This is a simple demonstration of the basic principles of internal fluid flow and can also cover major losses. The demonstration can cover concepts such as conservation of mass, volumetric flow rates, flow regimes, use of the Moody Chart and major head losses. This demonstration should take 10 minutes.
Internal flow is based on fluid moving through a pipe, duct or conduit. It is something we all experience in everyday life and do not think about. Instead of working on a sample problem in class with no physical relevance, this demonstration reinforces the basic principles of pipe flow, including volumetric flow rate, Reynolds number, friction factor and head loss. The basic equations required are:
; Volumetric flow rate
; Mean flow velocity
; Reynolds number
; Head loss (obtain friction factor from Moody chart)
What You Need
|Bucket||1||Bucket must be accurately labeled so that it can measure volume (check the manufacturer’s marks to make sure they are correct!).|
|Hose||1||Any garden hose will work|
|Ruler or micrometer||1||Used to measure the inside diameter of the hose.|
|Stopwatch||1||Used to measure the time to fill the bucket to a pre-selected volume.|
How It’s Done
Before Class: Find a utility closet or faucet where you can connect the hose to a water source. Measure the length of the hose and diameter unless they are already known from the manufacturer.
In Class: Move the class to the area of the water source. This may require a short trip down the hall or outside. If necessary, have students operate the hose, faucet, and watch. Turn on the water and time how long it takes to fill the bucket to a predetermined volume. When this is complete, move back into the classroom. From this point, the students can calculate many different parameters with simple data obtained during the experiment. Using the equations listed above students can calculate the volumetric flow rate and mean velocity. With data tables on water properties, they can calculate the Reynolds number for the flow. With a Moody diagram and information about the hose material, they can then determine the friction factor and calculate head losses.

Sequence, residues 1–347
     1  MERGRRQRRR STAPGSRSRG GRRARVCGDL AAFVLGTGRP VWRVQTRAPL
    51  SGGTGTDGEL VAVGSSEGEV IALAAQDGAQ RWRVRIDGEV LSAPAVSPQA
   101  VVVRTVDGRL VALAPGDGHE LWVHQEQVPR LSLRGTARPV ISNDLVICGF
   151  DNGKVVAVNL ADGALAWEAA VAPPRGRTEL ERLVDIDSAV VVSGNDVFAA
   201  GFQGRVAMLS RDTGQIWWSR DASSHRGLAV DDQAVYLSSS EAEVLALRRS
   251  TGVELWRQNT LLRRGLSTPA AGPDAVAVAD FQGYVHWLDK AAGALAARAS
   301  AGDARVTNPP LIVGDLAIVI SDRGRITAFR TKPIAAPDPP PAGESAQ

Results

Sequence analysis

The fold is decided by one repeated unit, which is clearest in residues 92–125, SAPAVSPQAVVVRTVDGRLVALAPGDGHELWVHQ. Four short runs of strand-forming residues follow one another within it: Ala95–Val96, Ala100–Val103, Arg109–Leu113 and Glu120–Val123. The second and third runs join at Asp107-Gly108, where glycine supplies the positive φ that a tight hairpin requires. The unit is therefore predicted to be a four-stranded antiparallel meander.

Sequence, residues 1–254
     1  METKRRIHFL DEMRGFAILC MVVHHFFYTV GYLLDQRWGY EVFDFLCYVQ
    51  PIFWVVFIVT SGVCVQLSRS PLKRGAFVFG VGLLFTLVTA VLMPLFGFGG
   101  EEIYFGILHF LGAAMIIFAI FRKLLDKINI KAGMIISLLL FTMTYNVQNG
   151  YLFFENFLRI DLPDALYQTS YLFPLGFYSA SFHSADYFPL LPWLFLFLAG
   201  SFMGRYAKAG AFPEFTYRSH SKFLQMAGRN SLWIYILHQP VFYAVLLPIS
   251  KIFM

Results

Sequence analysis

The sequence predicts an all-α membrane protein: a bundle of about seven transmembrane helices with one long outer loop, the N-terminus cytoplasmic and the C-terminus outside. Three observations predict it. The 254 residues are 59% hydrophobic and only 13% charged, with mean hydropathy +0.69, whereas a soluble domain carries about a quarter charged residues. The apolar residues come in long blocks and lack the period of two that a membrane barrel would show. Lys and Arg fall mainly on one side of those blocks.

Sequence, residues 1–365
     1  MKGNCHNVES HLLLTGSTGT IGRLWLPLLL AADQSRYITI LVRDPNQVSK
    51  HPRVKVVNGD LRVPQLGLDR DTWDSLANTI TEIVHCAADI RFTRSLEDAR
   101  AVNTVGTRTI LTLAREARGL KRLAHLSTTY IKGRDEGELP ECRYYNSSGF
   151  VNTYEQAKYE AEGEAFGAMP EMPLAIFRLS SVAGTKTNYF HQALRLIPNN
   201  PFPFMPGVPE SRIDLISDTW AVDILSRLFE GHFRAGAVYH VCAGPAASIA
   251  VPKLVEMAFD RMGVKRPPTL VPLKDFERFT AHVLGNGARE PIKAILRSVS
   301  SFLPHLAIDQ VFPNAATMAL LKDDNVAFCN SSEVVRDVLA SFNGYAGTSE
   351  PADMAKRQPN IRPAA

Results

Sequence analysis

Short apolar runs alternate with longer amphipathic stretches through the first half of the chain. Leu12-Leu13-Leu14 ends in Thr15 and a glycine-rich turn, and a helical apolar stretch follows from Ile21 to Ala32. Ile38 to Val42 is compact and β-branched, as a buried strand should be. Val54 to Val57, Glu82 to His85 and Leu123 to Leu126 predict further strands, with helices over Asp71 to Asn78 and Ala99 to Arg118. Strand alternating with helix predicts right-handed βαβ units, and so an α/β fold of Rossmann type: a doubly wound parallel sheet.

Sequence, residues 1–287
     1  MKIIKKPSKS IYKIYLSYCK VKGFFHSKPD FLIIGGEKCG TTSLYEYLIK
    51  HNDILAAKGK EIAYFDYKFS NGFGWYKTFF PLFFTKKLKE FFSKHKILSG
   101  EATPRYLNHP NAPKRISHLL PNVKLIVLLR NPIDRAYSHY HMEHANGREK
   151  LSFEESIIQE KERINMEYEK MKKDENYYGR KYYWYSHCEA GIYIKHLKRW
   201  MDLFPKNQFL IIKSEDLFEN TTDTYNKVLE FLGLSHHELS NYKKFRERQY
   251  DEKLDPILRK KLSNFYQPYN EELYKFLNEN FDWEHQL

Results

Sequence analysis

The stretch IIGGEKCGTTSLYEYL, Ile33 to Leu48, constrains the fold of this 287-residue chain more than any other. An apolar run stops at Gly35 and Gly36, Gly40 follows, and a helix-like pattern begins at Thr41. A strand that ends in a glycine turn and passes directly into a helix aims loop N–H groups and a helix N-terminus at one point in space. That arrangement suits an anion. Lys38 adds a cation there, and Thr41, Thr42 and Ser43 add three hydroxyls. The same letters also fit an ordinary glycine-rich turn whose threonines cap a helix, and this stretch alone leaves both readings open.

Observations: Students will get a better sense of what a certain volumetric flow rate and velocity looks and sounds like. Often students do not have a sense of how ‘fast’ or ‘slow’ a volumetric flow rate is. They will also understand what constitutes turbulent flow as the water will likely be turbulent if it fills the entire hose (required for internal flow analysis).
Additional Application: If more accuracy is desirable, a thermometer can be used to measure the temperature of the water. This will help determine the density of the water to calculate the Reynolds number. In addition, you can add minor losses by accounting for any junctions, fittings, or valves along the flow. Finally, to enable students to see how changing the diameter of the hose affects parameters such as Reynolds number and losses, you can use a smaller or larger hose and repeat the experiment.